The biggest challenge has definitely been trying to learn how to be a good manager. Starting Sojo at 22, straight out of university meant that I’ve never actually been managed myself, so I’ve felt quite unequipped to be managing a team. All I want is for them to feel fulfilled, happy, challenged and like they’re growing and learning everyday - but it’s easier said than done!

What’s the next step for your business?

We really hope to close our pre-seed fundraise soon, and after that the main focuses will be: hiring an incredible team, working with brands to really develop and refine our B2B proposition and also really building out our community to get more people using the Sojo app.

Jasmin Thomas - Ohana

Founder: Jasmin Thomas

Company: Ohana


Founded in 2019, Ohana is the culmination of Jasmin Thomas’ deeply personal mission to create efficacious skincare for women with auto-immune diagnoses.

What are the biggest changes you’ve seen in the past year?

Over the last 12 months we took a step back and thought about how our business contributes to the world from a sustainability and innovation perspective and in response to our community needs we have pivoted the business to have a more impactful change and support to the autoimmunity community.

Our mission is the same. We want to change the health and lives of millions of women living with autoimmune disease, however instead of physical products, we are now building technology to put women back in control of their health.

This time last year you were either raising or about to raise, have you secured investment for your business?

I put a pause on our raise as I focused on the pivot of the business. We received a few Angel commitments who are following through on our current raise but instead of putting my focus on raising 12 months ago I really needed to build a business plan, gather market data, market size and everything we would need for our new iteration of Ohana.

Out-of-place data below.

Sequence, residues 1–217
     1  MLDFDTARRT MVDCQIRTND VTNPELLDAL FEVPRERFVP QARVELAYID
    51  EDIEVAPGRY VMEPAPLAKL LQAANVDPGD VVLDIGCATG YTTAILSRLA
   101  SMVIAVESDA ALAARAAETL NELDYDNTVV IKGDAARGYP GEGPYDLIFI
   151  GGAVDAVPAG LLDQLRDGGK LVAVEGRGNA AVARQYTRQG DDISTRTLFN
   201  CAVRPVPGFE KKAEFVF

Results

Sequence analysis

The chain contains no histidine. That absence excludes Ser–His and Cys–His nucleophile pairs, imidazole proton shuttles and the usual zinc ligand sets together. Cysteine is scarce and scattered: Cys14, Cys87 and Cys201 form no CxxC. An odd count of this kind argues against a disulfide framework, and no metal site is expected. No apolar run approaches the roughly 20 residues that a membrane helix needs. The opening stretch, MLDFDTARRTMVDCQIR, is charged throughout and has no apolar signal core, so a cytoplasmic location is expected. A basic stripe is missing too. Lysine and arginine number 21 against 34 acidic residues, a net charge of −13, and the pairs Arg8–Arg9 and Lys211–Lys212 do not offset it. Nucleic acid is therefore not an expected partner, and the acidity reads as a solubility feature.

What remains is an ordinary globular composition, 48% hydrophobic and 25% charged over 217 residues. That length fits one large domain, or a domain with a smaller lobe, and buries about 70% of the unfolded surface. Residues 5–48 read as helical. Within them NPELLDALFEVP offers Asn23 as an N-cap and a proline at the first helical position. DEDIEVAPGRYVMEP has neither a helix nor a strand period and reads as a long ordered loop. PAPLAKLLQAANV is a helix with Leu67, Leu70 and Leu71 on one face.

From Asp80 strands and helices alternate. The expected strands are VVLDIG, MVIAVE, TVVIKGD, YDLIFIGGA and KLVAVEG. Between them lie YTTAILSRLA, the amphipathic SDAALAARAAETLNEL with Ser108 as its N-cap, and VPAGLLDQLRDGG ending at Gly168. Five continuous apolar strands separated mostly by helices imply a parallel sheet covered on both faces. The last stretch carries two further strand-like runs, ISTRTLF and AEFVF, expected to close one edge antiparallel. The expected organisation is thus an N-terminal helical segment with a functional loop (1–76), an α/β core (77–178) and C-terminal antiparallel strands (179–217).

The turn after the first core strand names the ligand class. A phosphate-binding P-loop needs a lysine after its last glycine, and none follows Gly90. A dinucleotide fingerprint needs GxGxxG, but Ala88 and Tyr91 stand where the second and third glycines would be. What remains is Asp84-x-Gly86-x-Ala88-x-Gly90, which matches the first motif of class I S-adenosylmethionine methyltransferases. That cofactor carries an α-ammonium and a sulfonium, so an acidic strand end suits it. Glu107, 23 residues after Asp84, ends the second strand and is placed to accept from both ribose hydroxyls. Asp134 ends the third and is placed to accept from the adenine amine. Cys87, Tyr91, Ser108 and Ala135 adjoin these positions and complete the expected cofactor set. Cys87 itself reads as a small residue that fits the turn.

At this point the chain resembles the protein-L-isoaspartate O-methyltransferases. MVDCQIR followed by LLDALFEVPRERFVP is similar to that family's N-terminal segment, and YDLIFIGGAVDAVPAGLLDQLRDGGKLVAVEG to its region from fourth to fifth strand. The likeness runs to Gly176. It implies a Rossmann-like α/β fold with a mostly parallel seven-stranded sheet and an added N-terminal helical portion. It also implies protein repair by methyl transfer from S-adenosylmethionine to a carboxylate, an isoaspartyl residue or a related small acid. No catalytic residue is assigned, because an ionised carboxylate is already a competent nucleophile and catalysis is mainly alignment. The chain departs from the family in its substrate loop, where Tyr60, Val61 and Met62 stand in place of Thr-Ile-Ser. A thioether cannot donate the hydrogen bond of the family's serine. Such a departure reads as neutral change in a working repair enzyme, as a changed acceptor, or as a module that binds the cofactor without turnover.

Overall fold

We launched a million pound pre-seed round a few weeks ago and have 30% of the round committed and are now speaking to VC’s to decide on who will be our lead.

We are really keen on receiving support from a Fund or VC that really believes in the healthcare space with a focus on women and that is ready to step out of the usual pillars of female health that receive the majority of Femtech investment.

How much have you raised for your business in the past year?

We have 30% of our current raise committed.

What were the biggest challenges?

Raising as a Black female founder is always difficult. The stats are not in our favour, however I believe in our mission to my core & know health tech/ Femtech is a growing industry and we are within the next wave of innovation this sector has to offer.

Where would you like to be in a year?

In a year, I would like our app to be up and running, giving women power and ownership of their own health.

Rebekah Clark - Happy Marlo

Founder: Rebekah Clark

Company: Happy Marlo


Happy Marlo is a wellbeing platform with a monthly subscription model, created specifically for six- to 11-year olds (encompassing approximately 2.3 million families in the UK).

What are the biggest changes you’ve seen to your company in the past year?

The biggest change has been a pivot in the focus of our execution. The vision for Happy Marlo – to empower young children by giving them tools to better manage their emotional wellbeing – remains strong and unchanged, but the ‘how’ of our purpose is evolving. We have moved away from the development of an app, for now, and are focusing on direct support and interventions. As we come out of lockdown and start exploring what life looks and feels for us now, families are telling us they want in-person experiences, tailored solutions, and more ways to help them emotionally connect with their children. We’re developing programmes to bring more Happy Marlo practitioners on board so that communities can be supported on a local level.

This time last year you were either raising or about to raise, have you secured investment for your business?

Unfortunately, not. Despite positive feedback I wasn’t successful at securing a lead investor to set the price for the pre-seed round, and to signal confidence to the potential investors I was speaking to. After the initial disappointment, I took the opportunity to reflect on what was working, explore what more could be achieved whilst bootstrapping, and most importantly to lean into the activities that were bringing me joy, and to do more of those.

What were the biggest challenges?